“Let me tell you something straight off. This is a love story, but not like any you’ve heard. The boy and the girl are far from innocent. Dear lives are lost. And good doesn’t win. In some places, there is something ultimately good about endings. In Neverland, that is not the case.”
Neverland is a beautiful, dangerous place. It’s an island where aging can be contagious, mermaids can drown you, and pirates terrorize the Lost Boys who are so savage they might eat you–boys who, according to rumors, might even fly. There are also the Cliff Dwellers and the Bog Dwellers. And somewhere between the two, the Sky Eaters, who remember every sunset they see and fear the wrath of their gods as much as the dreaded aging sickness.
For a place that is so small and hidden away, Neverland can be a very large place. Especially for a fairy. Fairies are mute, unable to speak but also empathic and tuned to everything around them. Before she was called Tinker Bell, she knew Tiger Lily and her history–part of the Sky Eaters but also half feral and hungry for more–as much an outsider in her tribe as one stubborn fairy.
Like everyone else, Tiger Lily (and Tink too) know to stay away from the Lost Boys and the fierce boy named Pan who leads them.
But when Tiger Lily saves one life it sets her on a path that will lead her directly to Peter Pan and threaten everything she holds dear as one small fairy tells the story of a love that might always have been doomed and her own small role in Tiger Lily (2012) by Jodi Lynn Anderson.
If you haven’t guessed already, Tiger Lily is a retelling of J. M. Barrie’s Peter Pan. This version, however, focuses on what happens before Wendy ever arrives in Neverland. It is also narrated by my favorite character, Tinker Bell.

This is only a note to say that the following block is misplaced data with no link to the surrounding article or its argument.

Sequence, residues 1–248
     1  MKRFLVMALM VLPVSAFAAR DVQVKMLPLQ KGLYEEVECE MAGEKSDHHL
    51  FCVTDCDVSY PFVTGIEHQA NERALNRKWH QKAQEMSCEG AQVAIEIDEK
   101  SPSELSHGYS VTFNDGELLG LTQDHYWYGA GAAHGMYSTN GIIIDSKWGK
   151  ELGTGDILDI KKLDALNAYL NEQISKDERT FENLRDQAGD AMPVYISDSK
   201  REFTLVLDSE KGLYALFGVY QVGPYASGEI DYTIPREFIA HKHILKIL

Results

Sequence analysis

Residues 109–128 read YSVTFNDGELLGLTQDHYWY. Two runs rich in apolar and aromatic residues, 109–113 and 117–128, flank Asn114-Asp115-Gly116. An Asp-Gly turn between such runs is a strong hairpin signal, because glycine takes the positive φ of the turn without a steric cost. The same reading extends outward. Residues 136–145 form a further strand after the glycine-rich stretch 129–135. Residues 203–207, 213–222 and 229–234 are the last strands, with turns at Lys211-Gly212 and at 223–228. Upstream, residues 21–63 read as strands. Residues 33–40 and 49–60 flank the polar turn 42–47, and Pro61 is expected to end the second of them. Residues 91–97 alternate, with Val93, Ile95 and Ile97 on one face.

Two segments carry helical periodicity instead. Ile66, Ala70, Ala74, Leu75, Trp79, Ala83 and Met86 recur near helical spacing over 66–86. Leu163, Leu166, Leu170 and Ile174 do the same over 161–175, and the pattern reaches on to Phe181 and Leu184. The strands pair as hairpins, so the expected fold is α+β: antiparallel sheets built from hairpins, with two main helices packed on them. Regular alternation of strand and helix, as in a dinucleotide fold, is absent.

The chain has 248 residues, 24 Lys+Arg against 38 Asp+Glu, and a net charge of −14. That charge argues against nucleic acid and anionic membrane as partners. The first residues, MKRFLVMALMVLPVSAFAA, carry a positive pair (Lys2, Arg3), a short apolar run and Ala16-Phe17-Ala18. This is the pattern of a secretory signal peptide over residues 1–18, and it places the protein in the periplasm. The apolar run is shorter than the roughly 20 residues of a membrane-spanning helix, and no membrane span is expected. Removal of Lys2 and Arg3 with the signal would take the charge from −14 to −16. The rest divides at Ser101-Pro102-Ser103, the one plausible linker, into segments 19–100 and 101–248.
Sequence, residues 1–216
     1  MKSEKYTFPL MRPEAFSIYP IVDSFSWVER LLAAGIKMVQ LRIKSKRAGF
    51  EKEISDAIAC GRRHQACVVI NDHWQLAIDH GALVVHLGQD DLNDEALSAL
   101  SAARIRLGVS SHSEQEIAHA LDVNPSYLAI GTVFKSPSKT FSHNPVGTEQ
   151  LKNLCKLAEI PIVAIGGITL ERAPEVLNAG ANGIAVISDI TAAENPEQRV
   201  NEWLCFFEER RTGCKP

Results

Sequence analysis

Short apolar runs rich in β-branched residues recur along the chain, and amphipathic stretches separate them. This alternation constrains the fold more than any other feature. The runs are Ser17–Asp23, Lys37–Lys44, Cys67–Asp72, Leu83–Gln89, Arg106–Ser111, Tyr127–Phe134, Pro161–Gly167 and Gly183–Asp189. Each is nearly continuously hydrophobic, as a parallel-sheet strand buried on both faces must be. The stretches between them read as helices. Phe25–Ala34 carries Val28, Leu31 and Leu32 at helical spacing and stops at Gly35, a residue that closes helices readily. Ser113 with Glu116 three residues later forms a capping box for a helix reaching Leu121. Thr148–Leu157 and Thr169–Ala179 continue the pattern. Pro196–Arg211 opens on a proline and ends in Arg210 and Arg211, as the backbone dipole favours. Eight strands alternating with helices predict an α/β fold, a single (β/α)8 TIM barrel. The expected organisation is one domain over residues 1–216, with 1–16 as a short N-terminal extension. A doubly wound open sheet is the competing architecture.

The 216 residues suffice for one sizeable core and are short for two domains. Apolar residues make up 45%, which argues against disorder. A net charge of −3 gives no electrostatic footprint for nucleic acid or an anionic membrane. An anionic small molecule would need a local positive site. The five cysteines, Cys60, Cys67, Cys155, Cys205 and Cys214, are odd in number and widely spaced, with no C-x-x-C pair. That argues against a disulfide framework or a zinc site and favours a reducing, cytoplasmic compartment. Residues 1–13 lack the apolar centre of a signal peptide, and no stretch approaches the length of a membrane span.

While it seems strange, giving a mute character the chance to narrate a story, it works well in Tiger Lily. Able to observe many things and intuit emotions, Tinker Bell is almost an omniscient narrator who often fades away until something important must be told.
Tiger Lily builds Neverland into a place that is both marvelous and monstrous as Tiger Lily and Tink explore all of its dangers and beauties. Part-retelling, part love story,this novel is also a complex examination of how colonization and industrialization changed the world.
Anderson expertly separates Tiger Lily from its source material to make Tiger Lily a complicated, flawed character who finally has her own voice. Tinker Bell is equally well-realized as the novel focuses not just on Tiger Lily and Peter’s difficult romance but also Tink’s evolving relationship with the characters. Tiger Lily is an unconventional, satisfying story that starts with Peter Pan but becomes much more before its conclusion.
Possible Pairings: Peter Pan by J. M. Barrie, The Darkest Part of the Forest by Holly Black, Unspoken by Sarah Rees Brennan, The Dark Unwinding by Sharon Cameron, Vessel by Sarah Beth Durst, A Creature of Moonlight by Rebecca Hahn, Seraphina by Rachel Hartman, Grave Mercy by Robin LaFevers, Winterspell by Claire Legrand, For Darkness Shows the Stars by Diana Peterfreund, The Bride’s Farewell by Meg Rosoff, The Ghosts of Heaven by Marcus Sedgwick, Never Never by Brianna Shrum, Everland by Wendy Spinale, Leaves of Grass by Walt Whitman, All These Things I’ve Done by Gabrielle Zevin